A New Kind of World’s Fair Is Coming to Queens. Its Message? Give Back All Indigenous Land

‘The World’s UnFair,’ as the event is called, was conceived by New Red Order and put on by Creative Time. 

A poster for New Red Order's upcoming The World's UnFair project. Courtesy of NRO and Creative Time.

In 1939, and then again in 1964, Queens, New York played host to the World’s Fair, an international expo where countries came together to show off their achievements in technology and industry. This September, the borough will play host to a different event: The World’s UnFair. 

That’s the name of a new Creative Time-presented project by the collective New Red Order (NRO). With artworks, film screenings, and musical performances, the event will mimic the elaborate pageants of yore, albeit with a different agenda: to expose, in the group’s words, the United States as an “ongoing occupation of stolen Indigenous land.” 

Founded by artists Adam and Zack Khalil (who are both Ojibway, Sault Ste. Marie Tribe of Chippewa Indians) and Jackson Polys (Tlingit), New Red Order identifies itself as a “public secret society composed of networks of informants and accomplices dedicated to rechanneling desires for indigeneity towards the expansion of Indigenous futures.” That may be a mouthful, but the group’s central message is pointedly uncomplicated: “Give it back.”  

New Red Order. Courtesy of the artists.

For NRO, the phrase is a call to action: return all land to the peoples who were forcibly displaced from it by settler colonialists. Through its larger, ongoing research project—also called Give It Back—the group investigates and promotes real-life instances where this exchange has voluntarily taken place.  

“New Red Order’s whole work is about harnessing people’s desire for indigeneity—to co-opt it, to appropriate it, to assume it,” said Creative Time curator Diya Vij, who is organizing The World’s UnFair with the collective. NRO’s goal, she went on, is to “take that desire and turn it toward a pathway for [transforming] settlers into accomplices in the return of all indigenous land and life.” 

“They say ‘Give it back’ instead of ‘land back’ because it is something that we can all do. It is a giving and not a taking. It’s being in community together,” Vij added.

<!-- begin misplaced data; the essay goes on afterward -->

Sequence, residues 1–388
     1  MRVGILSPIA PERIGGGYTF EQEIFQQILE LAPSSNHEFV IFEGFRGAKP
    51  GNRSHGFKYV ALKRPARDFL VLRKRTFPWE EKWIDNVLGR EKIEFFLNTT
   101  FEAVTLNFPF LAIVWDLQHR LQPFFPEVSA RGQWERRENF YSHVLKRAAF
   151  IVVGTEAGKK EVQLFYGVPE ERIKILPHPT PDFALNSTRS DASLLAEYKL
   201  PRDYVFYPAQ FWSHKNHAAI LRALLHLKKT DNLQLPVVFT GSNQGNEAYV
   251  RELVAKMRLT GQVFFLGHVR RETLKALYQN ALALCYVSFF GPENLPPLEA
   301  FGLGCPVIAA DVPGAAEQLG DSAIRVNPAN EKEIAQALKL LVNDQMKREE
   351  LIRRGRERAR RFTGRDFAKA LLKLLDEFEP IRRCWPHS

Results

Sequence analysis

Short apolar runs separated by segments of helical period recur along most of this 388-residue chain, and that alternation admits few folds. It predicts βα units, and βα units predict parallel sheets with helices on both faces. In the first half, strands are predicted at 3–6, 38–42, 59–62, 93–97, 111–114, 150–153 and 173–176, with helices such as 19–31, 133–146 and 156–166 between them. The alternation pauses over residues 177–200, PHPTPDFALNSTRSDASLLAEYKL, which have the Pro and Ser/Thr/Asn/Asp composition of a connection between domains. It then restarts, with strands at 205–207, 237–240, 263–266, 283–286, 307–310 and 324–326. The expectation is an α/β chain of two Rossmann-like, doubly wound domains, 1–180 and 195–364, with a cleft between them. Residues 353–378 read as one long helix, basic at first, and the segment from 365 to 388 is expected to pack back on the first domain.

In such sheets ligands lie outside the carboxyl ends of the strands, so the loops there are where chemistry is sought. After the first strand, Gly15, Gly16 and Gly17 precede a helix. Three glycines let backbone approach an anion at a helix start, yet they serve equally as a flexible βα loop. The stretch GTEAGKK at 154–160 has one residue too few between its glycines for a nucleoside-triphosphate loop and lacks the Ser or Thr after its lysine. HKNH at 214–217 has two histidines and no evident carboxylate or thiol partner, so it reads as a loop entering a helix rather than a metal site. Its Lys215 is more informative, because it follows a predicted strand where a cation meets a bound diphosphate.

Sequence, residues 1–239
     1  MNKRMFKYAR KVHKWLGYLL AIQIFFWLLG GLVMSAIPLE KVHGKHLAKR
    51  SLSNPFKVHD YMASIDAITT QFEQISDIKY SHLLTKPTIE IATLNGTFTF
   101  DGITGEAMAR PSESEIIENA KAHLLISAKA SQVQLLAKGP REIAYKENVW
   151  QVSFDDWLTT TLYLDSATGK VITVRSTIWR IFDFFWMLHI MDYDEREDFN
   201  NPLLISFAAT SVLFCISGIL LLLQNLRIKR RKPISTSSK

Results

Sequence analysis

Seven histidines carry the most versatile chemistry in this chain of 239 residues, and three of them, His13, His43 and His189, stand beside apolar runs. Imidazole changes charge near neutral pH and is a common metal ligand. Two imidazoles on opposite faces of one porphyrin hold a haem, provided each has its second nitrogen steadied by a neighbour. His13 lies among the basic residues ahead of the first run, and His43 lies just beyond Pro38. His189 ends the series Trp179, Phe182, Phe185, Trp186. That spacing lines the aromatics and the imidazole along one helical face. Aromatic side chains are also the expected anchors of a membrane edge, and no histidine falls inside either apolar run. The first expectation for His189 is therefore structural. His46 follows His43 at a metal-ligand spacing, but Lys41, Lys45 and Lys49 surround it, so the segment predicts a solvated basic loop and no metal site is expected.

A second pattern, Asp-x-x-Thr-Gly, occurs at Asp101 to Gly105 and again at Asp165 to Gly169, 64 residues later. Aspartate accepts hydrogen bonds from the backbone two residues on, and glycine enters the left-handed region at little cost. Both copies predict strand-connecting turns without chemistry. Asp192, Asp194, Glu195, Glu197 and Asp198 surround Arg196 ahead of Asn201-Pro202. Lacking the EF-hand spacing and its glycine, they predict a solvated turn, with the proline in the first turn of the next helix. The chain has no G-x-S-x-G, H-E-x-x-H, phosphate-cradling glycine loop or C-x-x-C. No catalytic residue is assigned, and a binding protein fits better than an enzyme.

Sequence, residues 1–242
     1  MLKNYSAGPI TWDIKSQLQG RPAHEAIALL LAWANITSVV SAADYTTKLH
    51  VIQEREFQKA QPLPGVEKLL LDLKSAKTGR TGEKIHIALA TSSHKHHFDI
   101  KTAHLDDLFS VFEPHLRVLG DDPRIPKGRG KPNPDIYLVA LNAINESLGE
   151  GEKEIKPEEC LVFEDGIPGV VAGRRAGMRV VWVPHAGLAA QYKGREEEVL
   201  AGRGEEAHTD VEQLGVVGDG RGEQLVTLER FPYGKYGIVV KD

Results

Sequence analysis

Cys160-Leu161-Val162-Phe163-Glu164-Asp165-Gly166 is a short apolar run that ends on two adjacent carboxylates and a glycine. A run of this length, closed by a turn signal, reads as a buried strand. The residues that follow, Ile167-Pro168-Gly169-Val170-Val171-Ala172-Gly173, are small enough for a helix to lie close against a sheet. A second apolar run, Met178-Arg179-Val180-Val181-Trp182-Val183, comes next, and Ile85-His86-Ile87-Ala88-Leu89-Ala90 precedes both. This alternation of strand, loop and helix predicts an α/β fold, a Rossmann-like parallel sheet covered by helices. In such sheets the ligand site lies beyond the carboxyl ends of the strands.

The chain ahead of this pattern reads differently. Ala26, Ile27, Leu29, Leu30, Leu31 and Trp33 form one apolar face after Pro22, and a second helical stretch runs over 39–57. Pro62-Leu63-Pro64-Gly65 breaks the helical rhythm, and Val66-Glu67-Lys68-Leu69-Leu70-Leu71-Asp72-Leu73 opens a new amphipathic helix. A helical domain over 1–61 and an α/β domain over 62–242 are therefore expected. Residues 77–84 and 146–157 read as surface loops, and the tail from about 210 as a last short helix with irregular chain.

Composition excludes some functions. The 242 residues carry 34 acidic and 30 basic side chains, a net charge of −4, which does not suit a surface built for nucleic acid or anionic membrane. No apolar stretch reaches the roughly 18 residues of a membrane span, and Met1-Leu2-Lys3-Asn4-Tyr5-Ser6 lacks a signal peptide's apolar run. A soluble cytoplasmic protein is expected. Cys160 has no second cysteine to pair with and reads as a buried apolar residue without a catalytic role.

Among other attractions, The World’s UnFair will feature an installation of hundreds of tribal flags, signposts indicating the site’s proximity to present day locations of diasporic Lenape communities, and a large-scale video sculpture—titled Fort Freedumb—enwrapped in various forms of fencing. At the center of the fair will be Dexter and Sinister (2023), an animatronic talking tree and beaver that chat with each other about issues of land and the concept of private property. 

An illustrative map for New Red Order’s upcoming The World’s UnFair project. Courtesy of NRO and Creative Time.

That NRO would be interested in the World’s Fairs make sense. With its expos, the U.S. has a troubling history of exploiting indigenous and other minority communities to prop up its own imperialist ideologies. The Chicago World’s Fair of 1893, for instance, barred people of color from participating in the event’s central “White City” section. The St. Louis iteration of 1904 put Filipinos and Native Americans on display to demonstrate “uncivilized” cultures. 

“In a time where the future appears bleak or non-existent, giving it back offers a bright path forward, a way for us to survive an apocalypse together,” NRO said in a joint statement. “The landmass here is enormous. And its ecological capacity to sustain life is immense if we care for these resources correctly. You can have a place. But first things first: Give it back.”   

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